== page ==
Marine Corps Forces Special Operations Command will rename the schoolhouse where it trains special operators in  at Camp Lejeune, North Carolina, will be renamed dedicated next week July 27 in honor of a fallen Navy Cross recipient sniper instructor.

MARSOC will call the unnamed facility [[[Do we know the original name of the schoolhouse? GH]]] Gifford Hall on July 27 after Gunnery Sgt. Jonathan Gifford, a fallen Raider who was posthumously awarded the service's second-highest valor award, according to a Marine Corps news release. 

A statue of Gifford, who worked at the schoolhouse as chief instructor of MARSOC's advanced sniper course, will be unveiled at the Camp Lejeune ceremony aboard Camp Lejeune, North Carolina. July 27, and Speakers will include Col. Brett A. Bourne, the school’s commanding officer, and Gifford’s former teammates. In 2012, Gifford was deployed to Afghanistan with 2nd Marine Special Operations Battalion as team chief. He and his team were assisting an Afghan special operations force when they began taking fire.

Gifford was killed during an ambush in Afghanistan's Badghis province in 2012 — but not before his heroic actions on the battlefield turned the tide of the fight. On July 29, 2012, the 34-year-old team chief with 2nd Marine Raider Battalion was on a morning patrol near the town of Bala Bokan, when three of the Afghan commandos he was advising were hit by small-arms fire.

Gifford immediately jumped onto an all-terrain vehicle, according to his citation, and braved incoming fire as he rode nearly 900 yards to aid the wounded Afghans. He and another Raider were able to move them to a landing zone so they could be evacuated for care. Gifford then crossed back over the same open terrain to help the rest of the Afghan commandos who were fighting back against the insurgents.

Gunnery Sgt. Jonathan Gifford died in Afghanistan in 2012.

Photo Credit: MARSOC

He led the counterattack, the insurgents, which included climbing on top of the building filled with insurgents to drop they were in and dropping a grenade down the chimney, according to his medal citation states. He continued to fight back until he was mortally wounded by enemy machine gunfire.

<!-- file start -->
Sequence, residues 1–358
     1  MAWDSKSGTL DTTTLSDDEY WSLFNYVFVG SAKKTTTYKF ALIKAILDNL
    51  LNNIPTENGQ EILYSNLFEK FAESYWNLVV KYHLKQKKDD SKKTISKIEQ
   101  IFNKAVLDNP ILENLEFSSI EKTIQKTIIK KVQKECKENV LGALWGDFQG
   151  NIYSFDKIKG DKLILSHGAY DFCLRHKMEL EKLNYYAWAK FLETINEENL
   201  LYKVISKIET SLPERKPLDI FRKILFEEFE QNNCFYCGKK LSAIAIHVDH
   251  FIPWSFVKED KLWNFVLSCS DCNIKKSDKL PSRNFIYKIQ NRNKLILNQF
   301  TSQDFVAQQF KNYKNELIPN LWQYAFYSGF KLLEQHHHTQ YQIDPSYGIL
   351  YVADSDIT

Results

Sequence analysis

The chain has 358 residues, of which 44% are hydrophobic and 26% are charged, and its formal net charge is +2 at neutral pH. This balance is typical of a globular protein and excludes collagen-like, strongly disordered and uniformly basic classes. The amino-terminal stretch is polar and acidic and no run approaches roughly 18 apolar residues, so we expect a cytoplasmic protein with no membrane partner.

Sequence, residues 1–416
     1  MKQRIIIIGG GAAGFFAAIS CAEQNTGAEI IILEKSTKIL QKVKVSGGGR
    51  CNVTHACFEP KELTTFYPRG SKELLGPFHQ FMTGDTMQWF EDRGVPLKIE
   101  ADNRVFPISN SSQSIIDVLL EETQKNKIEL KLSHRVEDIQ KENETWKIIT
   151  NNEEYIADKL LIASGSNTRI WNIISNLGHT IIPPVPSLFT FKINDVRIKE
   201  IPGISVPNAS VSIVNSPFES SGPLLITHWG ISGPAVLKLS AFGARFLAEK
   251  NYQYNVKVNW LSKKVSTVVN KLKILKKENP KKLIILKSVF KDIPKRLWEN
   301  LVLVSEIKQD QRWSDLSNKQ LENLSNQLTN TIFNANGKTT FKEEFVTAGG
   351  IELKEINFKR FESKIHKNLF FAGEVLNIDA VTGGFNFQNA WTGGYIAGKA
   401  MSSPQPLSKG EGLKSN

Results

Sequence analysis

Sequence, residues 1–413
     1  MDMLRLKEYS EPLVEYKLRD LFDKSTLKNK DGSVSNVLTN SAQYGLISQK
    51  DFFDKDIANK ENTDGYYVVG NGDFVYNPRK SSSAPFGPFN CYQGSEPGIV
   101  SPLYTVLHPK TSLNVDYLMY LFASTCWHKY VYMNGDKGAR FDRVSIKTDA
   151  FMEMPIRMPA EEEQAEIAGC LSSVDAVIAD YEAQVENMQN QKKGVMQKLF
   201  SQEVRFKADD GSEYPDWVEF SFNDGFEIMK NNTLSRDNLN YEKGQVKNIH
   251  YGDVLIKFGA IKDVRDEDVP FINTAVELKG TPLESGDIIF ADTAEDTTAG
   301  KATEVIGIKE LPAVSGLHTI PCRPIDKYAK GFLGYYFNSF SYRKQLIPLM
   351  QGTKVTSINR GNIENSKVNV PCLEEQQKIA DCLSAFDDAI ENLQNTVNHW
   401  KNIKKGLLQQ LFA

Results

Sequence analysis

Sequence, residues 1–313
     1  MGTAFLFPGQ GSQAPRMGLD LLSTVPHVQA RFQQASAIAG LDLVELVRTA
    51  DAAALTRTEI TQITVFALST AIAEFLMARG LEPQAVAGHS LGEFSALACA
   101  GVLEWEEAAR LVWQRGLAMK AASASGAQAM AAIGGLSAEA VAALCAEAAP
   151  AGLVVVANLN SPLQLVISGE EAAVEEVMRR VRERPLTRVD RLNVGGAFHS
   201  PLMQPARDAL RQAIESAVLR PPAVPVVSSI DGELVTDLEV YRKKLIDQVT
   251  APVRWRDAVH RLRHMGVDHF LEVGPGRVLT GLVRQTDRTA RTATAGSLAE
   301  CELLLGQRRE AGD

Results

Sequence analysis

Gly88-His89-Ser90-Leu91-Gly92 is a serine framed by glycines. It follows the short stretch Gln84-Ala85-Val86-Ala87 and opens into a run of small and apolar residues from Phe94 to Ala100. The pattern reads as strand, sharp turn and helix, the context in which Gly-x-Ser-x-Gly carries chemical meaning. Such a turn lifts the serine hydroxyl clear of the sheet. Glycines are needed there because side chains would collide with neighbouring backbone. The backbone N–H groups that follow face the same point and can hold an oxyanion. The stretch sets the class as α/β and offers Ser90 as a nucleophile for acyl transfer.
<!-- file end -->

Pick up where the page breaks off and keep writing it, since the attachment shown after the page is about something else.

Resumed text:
Gunnery Sgt. Daniel Price was also killed in the battle. Price was posthumously awarded the Silver Star for his heroic actions that day.

Gifford became a Raider in 2006, just after MARSOC was activated. A former reconnaissance Marine, Gifford had deployed to Afghanistan twice and once to Iraq.

He is survived by his wife Lesa and their four sons.

Gifford joined the Marine Corps in 1996 and was honorably discharged in 2001, but he rejoined in 2002 for Operation Enduring Freedom.

He was assigned to MARSOC shortly after its activation in 2006 and served as chief instructor at the Marine Special Operations School's Advanced Sniper Course, according to MARSOC.

The Marine Special Operations School trains and educates personnel "in order to meet MARSOC's requirement to provide capable personnel to conduct special operations," according to the school's website.

A statue of Gifford will be unveiled at the Camp Lejeune ceremony July 27, and speakers will include Col. Brett A. Bourne, the school's commanding officer, and Gifford's former teammates.

Charlsy Panzino covers veterans education, employment and transition issues, as well as travel, entertainment and fitness. Email her at

Charlsy is a Reporter and Engagement Manager for Military Times. Email her at

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